Chickenpox Vaccine Injuries and Reactions You Should Know
Commonly known as chickenpox, varicella is an extremely contagious viral disease. For most people, the varicella zoster virus causes an itchy rash for about a week, and typically goes away on its own. However, the chickenpox virus can be deadly for children younger than 12 months old, teenagers, adults, pregnant women, and those with compromised immune systems. To prevent the virus from spreading, children are vaccinated between 12 and 15 months old.
While safe for most, the chickenpox vaccine can cause adverse reactions and injuries in people of all ages. Common reactions include shoulder injuries (SIRVA), Disseminated Varicella Vaccine-strain Viral Disease, Vasovagal Syncope, allergic reactions, Varicella Vaccine-strain Viral Reactivation, and other injuries.
If you or a loved one has been injured by a chickenpox vaccine, you may qualify for compensation from a federal fund known as the National Vaccine Injury Compensation Trust Fund.
INJURIES AND REACTIONS CAUSED BY VARICELLA VACCINES
The chickenpox (varicella) vaccine has been frequently connected with the following adverse side effects:
- Shoulder Injuries Related to Vaccine Administration (SIRVA), including Bursitis, Tendonitis, Adhesive Capsulitis (Frozen Shoulder Syndrome), and Rotator Cuff Injuries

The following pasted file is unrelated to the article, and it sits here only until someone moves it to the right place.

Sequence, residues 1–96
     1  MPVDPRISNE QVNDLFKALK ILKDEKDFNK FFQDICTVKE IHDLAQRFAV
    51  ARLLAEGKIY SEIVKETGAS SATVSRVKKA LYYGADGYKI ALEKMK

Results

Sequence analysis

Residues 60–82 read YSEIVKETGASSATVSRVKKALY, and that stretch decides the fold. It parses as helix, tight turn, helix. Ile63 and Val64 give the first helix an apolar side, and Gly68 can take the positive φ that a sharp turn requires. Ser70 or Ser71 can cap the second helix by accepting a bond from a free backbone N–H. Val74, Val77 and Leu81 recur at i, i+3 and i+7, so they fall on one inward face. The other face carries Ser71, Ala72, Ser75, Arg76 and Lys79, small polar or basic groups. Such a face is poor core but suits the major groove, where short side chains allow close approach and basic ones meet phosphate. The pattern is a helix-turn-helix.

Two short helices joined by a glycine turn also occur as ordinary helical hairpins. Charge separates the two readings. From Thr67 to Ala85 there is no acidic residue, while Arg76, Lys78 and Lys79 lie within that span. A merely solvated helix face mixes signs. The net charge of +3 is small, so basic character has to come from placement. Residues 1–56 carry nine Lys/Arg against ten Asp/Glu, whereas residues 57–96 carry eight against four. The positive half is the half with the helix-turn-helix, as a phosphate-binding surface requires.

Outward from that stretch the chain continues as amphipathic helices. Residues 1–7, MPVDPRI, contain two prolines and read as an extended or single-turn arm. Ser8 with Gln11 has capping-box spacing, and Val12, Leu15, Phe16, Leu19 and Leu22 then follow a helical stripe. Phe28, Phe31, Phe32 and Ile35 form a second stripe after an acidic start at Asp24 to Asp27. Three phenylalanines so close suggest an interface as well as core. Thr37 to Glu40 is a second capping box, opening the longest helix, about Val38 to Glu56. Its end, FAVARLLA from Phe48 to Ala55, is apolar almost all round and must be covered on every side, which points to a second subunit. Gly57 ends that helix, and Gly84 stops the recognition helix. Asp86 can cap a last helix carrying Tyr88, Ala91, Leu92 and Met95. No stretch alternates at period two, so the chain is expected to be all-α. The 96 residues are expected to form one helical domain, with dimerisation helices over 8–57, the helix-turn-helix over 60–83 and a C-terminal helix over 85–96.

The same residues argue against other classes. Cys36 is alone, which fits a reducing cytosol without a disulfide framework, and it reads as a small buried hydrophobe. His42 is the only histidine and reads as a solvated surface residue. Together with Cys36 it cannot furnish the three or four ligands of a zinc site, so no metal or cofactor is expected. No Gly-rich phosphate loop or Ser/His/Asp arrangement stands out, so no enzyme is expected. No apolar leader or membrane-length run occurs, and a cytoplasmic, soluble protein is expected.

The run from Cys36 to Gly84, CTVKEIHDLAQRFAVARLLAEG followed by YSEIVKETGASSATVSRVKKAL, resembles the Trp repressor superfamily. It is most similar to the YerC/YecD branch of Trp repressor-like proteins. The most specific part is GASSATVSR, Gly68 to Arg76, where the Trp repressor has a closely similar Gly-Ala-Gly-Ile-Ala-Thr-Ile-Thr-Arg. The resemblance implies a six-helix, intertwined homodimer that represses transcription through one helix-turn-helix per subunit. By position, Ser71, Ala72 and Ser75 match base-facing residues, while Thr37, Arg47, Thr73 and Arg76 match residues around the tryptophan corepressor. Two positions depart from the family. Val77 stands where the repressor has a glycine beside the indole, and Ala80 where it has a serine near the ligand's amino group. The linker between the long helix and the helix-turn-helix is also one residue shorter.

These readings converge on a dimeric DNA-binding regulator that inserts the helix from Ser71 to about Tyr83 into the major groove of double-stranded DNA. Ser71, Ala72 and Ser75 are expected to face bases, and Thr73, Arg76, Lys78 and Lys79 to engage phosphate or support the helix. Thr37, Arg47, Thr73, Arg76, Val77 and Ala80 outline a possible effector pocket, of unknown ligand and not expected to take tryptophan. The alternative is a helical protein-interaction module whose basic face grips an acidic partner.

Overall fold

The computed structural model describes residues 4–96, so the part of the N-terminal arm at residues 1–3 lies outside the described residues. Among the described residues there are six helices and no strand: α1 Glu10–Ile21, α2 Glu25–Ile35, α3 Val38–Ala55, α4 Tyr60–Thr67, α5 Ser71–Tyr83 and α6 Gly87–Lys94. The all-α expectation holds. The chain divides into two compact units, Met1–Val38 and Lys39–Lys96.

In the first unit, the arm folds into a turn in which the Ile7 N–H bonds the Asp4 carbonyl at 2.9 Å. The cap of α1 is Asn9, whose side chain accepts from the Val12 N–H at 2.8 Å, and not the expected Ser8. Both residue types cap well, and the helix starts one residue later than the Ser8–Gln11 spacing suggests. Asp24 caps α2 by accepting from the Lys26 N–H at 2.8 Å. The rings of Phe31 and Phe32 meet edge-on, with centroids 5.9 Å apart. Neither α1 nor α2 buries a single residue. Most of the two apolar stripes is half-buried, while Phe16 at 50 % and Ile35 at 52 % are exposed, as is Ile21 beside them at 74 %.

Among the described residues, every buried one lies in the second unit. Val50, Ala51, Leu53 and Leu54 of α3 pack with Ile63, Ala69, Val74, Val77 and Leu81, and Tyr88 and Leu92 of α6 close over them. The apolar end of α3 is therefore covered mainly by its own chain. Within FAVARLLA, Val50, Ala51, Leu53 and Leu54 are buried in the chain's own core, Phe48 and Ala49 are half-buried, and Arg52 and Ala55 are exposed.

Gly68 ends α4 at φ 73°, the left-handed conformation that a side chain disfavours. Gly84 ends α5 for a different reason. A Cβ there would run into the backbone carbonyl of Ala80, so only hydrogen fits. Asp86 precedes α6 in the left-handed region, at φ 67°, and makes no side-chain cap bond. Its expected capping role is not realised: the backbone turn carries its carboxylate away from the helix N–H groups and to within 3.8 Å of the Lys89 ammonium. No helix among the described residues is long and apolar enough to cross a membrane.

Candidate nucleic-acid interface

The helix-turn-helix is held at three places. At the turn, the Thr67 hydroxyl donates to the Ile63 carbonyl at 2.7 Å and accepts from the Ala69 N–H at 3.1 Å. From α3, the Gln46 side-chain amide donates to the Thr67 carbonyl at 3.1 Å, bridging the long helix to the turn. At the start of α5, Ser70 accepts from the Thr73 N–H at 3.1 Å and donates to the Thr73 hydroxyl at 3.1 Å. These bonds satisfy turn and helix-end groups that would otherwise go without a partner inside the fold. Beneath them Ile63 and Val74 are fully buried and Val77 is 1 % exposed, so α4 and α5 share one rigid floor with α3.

- Disseminated Varicella Vaccine-strain Viral Disease
- Vasovagal Syncope (sudden fainting)
- Anaphylaxis (allergic reactions)
- Varicella Vaccine-strain Viral Reactivation
CHILDREN AT A GREATER RISK OF CHICKENPOX VACCINE INJURIES
Although anyone can get a chickenpox shot, children are the overwhelming majority of people who receive these vaccinations. According to the Childhood Vaccination Schedule, children typically receive two doses of the varicella vaccine before age seven.
The first dose is given between 12 and 15 months old, while the second dose is administered between four and six years old. If a child is older than 13, never had the chickenpox, and was never vaccinated, they will receive two doses of the varicella vaccine at least 28 days apart.
COMPENSATION IS AVAILABLE FOR CHICKENPOX VACCINE REACTIONS
If you or a loved one has suffered from a chickenpox vaccine injury in the last three (3) years, you may be entitled to compensation from the National Vaccine Injury Compensation Program.
If you would like to learn more, please call us at 312-578-9501. You can also contact us by filling out the form below. Our consultations are always free, and our representation comes at no cost to our clients when handling chickenpox vaccine injury cases. The attorneys at Shannon Law Group, P.C. can represent any living in the United States as well.